It’s 3 am and the cacophony surrounds me. I lie in my tent in the low angled light of a 24-hour sun, listening to the calls of Cackling Geese, Long-Tailed Ducks, Pacific Loons, Lapland Longspurs and shorebirds. Lots of shorebirds. Black-bellied Plovers, Dunlin, Semipalmated Sandpipers, and numerous others come to this unique place to breed and raise their young. The meltwater tundra ponds, abundant larval insects, and constant light create a perfect environment to raise chicks. Where is this magical place, you may ask? I am on the Canning River delta on the coastal plain of Arctic National Wildlife Refuge (ANWR).
It is mid June of 2019, and I am in the remote Canning River Bird Camp as a guest of the US Fish and Wildlife Service, as this year’s Voices of the Wilderness artist in residence. They have flown me 300 miles north from Fairbanks to tell the unique stories of the birds that raise their young here, through my field sketches and eventually finished paintings. As I try to drift back to sleep in my tent, I hear one call in particular that stands out: the undulating UFO-like call of the male Pectoral Sandpiper.
It’s getting late in the season for these male shorebirds, and they need to find a mate soon. The three months of temperate weather go by fast before winter’s icy grip returns. PESA (the ornithological code for Pectoral Sandpipers) travel all the way from South America to ANWR, a journey of almost 4,000 miles.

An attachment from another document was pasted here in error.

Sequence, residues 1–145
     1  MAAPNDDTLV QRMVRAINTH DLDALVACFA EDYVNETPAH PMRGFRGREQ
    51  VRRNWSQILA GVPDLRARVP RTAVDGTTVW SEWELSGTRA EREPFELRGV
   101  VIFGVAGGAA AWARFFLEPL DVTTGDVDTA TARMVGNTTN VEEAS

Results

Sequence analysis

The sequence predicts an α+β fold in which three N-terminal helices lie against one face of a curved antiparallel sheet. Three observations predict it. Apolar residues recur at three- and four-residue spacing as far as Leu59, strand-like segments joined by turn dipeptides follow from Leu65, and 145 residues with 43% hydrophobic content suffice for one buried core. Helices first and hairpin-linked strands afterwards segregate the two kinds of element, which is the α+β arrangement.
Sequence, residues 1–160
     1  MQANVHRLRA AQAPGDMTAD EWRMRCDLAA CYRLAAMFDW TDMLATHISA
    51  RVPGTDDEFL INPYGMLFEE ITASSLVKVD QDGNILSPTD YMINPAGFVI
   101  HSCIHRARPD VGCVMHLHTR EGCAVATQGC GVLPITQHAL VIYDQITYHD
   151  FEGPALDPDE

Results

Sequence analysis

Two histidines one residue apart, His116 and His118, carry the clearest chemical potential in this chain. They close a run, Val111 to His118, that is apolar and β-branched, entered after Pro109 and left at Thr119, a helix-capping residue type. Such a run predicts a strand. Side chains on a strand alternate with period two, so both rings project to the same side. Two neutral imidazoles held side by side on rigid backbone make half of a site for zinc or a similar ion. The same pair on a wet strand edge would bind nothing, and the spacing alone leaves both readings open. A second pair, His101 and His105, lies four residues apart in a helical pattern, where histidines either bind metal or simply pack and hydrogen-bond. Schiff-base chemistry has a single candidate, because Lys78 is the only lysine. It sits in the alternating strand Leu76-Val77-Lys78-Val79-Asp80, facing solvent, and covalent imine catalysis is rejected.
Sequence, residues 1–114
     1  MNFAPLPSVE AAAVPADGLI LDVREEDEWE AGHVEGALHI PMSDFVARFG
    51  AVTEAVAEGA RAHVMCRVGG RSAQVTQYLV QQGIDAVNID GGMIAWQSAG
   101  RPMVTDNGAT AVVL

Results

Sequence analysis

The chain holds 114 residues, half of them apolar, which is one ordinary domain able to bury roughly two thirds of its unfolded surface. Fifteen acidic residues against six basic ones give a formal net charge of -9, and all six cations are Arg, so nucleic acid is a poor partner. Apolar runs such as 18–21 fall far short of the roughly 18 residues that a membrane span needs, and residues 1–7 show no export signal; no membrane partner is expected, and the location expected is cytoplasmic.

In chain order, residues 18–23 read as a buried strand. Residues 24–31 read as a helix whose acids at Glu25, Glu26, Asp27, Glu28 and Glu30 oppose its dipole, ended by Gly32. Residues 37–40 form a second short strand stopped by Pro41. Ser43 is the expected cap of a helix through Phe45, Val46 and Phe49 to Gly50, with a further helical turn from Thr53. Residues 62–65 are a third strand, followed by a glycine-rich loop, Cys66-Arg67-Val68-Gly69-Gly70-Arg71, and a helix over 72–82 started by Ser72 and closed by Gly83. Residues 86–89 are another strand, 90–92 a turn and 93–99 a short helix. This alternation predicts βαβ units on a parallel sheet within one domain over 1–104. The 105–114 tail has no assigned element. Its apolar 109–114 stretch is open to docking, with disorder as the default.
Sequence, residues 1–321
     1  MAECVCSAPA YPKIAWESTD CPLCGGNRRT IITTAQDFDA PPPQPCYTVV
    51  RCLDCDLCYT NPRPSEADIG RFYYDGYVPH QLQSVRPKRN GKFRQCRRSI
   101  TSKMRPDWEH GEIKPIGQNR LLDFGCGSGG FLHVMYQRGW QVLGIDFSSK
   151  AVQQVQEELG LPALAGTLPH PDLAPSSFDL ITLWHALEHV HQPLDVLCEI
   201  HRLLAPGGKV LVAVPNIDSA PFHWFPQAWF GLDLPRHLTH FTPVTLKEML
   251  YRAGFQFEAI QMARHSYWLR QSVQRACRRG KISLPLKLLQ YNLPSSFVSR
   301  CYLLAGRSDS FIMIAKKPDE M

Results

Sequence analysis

There’s no time to rest though, as the males must fly around the tundra advertising their availability, making their unique call by pushing air through an inflated throat sac. When resting they look like little Arnold Schwarzenegger birds with their pumped-up chests, where the throat pouch lies. After they reach the Arctic plain they can cover thousands of miles circling and calling in desperation. Only about 25 percent of the males are successful, leaving plenty of lonely bachelors to fly back to South America unfulfilled.
We find many PESA nests during my stay here, so some of the males have figured it out. My timing here in the Refuge has allowed me to experience the breeding displays, finding of nests, and even hatching of eggs as the chicks begin their lives. Move over, Baby Yoda–there is nothing as cute as a young sandpiper!
Despite the constant daylight and abundance of food resources, life here rides on the edge of a knife. One bad spring storm can decimate the year’s nesting success. The other and perhaps most important feature of the coastal plain that makes it the spot for raising young is its pristine nature. ANWR is 19 million acres of habitat undisturbed by human activity. There are no roads, trails, or regular structures to interrupt the flow of tundra, river, and meltwater ponds. The birds that migrate here come from all over the globe, and connect us to what happens on the coastal plains in the Arctic. These birds, and all the other Arctic wildlife, need this pristine habitat to survive and flourish.
Speaker Series: Arctic Artist’s Journal: Michael Boardman will share an interactive presentation of stories, artwork, and lessons from one of the Earth’s most imperiled landscapes, Thursday, Feb. 13, 7 – 8:30 pm, Gilsland Farm Audubon Center, 20 Gilsland Farm Road, Falmouth. Members $12, Nonmembers $15. Register online here.